This is a first!
Conservative MP, Margot James has written to Philip Hammond to ask him to rethink government policy towards the war.
In the letter she says “My constituents, not all of them Muslim, regard the Israeli action as wholly disproportionate to the threat posed by Hamas.” She continues: “I ask that the government rethinks policy towards the conflict in Israel and the Palestinian territories.”
So far, the UK government have totally ignored public concern and calls for positive and firm action to stop the genocide in Gaza.
The government has not criticised the Zionist government in Israel, nor made any significant statement on their position concerning the investigation of Zionist war crimes.
The only thing the public has heard from the UK government is that Israel has a right to defend itself and its actions must be proportionate. No condemnation of the Zionists shelling schools, hospitals, and other civilian establishments – which is a crime under international law.
David Cameron in particular has attempted to use smoke and mirrors to cover up his inaction concerning the atrocities taking place in Gaza, and has kept an unbelievably low profile for a supposed ‘leader’ – which we in the UK know he damn well isn’t.
In the Channel 4 exclusive, the full test of the letter reveals that there is a deep rift brewing between members of the party being controlled by Cameron in government, and back bench MPs and Conservative Party members. It shows that Cameron and his cronies not only doesn’t represent the people of the UK, he doesn’t represent members of his own party either!
The letter (Source: Channel4 News where you can read the full report):
I am writing to you on behalf of many constituents who have contacted me to register their despair at the loss of life in Gaza. My constituents, not all of them Muslim, regard the Israeli action as wholly disproportionate to the threat posed by Hamas.
I have for many years been a firm supporter of Israel. I remain a supporter of Israel’s right to security, and to a state in which their citizens can live without fear of bombardment. However I do not think that the swift, and terrible, elimination of so many Palestinian lives, homes, hospitals and schools can be deemed a proportionate response to the crude rocket fire to which Israel is undoubtedly subject.
I have visited the town of Sderot and understand, and sympathise with, the concerns, frustrations and fears, of an Isreali community living close to the border with Gaza. But the rockets fired by Hamas, that I saw there, are of an antiquated nature by comparison with the modern weaponry used by Israel to defend their civilians against such attacks. Attacks which are in any case rendered virtually victimless by the air missile defence system that Israel has in place.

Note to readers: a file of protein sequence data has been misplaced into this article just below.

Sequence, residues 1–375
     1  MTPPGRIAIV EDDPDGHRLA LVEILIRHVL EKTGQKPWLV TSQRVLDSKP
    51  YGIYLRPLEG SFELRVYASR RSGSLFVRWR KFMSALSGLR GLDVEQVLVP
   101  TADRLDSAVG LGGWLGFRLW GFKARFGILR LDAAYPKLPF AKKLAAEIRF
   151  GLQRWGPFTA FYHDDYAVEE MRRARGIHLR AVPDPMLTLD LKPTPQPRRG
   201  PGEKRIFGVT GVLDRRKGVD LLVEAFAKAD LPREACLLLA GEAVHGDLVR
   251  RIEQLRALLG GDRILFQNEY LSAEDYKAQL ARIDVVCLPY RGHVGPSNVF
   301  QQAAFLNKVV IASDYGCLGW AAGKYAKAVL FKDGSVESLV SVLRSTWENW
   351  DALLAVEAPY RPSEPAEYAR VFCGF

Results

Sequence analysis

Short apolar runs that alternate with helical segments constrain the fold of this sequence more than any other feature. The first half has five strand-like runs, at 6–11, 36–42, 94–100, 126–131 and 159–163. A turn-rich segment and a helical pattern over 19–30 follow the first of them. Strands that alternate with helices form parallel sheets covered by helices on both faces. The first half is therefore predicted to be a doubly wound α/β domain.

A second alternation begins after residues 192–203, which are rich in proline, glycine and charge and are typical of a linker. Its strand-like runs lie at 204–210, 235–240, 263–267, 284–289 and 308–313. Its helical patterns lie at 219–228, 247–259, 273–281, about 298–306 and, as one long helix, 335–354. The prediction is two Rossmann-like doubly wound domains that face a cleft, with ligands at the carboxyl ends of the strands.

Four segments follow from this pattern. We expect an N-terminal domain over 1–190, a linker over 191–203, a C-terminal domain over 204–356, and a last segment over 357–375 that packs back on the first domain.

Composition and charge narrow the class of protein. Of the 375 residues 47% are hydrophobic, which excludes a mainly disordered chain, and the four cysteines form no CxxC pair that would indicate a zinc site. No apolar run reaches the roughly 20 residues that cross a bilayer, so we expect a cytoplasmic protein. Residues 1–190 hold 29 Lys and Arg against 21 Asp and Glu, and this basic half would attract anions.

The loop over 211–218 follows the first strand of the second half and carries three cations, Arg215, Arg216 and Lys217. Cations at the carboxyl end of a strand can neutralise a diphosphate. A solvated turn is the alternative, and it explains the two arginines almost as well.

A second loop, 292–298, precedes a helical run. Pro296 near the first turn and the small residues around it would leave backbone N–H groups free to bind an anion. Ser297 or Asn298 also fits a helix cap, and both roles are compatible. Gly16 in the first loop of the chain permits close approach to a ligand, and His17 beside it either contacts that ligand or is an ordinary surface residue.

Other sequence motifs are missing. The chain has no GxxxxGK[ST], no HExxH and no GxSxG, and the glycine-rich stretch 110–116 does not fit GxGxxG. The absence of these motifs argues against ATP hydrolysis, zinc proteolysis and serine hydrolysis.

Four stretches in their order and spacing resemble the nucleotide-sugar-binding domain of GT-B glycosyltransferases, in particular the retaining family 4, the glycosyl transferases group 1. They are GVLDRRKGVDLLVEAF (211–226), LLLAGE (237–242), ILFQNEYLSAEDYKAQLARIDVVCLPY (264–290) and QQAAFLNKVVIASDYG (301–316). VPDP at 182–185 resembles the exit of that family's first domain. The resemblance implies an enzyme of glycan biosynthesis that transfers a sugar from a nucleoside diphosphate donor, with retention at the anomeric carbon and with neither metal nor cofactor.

I accept, perhaps more so than the constituents on whose behalf I am writing to you, that Hamas bears substantial responsibility for the lives lost on both sides. It seems that the original killings of the three young Israeli men was their doing. Neutral observers confirm that Hamas, and related factions, fire their rockets from, and maintain their weapons within civilian areas, and worse still, from hospitals and schools. Likewise the network of tunnels under the border have been built in areas of dense population. This deliberate use of the lives of innocent Palestinian civilians as, in effect, human shields has undoubtedly made it difficult for Israel to avoid the loss of civilian life.
However, given the sophisticated surveillance systems accessible to the Israeli army surely we could have expected far fewer civilian casualties from these operations? The shelling of a UN run school, being used as a shelter in Gaza, two days ago, in which fifteen people died, marked a new low in a conflict which has seen a truly terrible level of death and destruction in a very short space of time.
Israel makes the point that Hamas has refused several Israeli offers of a ceasefire; even when tabled by neutral players like Egypt. However, it should be acknowledged that Israel has also rejected, out of hand, proposals made by the United States that would not only have enabled a ceasefire, but would also have re-started the peace process. The US proposals would have brought all players in this tragic confrontation to the table. I think that these US proposals are worthy of consideration. We have seen with Isis in Iraq and Syria that there may well be forces within the Middle East, more extreme and violent than Hamas.
To conclude I ask that the government rethinks policy towards the conflict in Israel and the Palestinian territories. The scale of suffering in Gaza is far too great, the loss of life, and particularly the lives of children and other vulnerable individuals, cannot be justified on the grounds of defence in proportion to the level of threat faced by Israel from Hamas. I also think that we should make it clear that it is unacceptable for Israel to just dismiss US proposals for peace without any debate whatsoever.
I will end by wishing you and your diplomatic staff well in your endeavours to help bring about a swift and peaceful resolution to this tragic conflict.
Margot James MP
Member of Parliament for Stourbridge
PPS to the Rt Hon William Hague MP, Leader of the House
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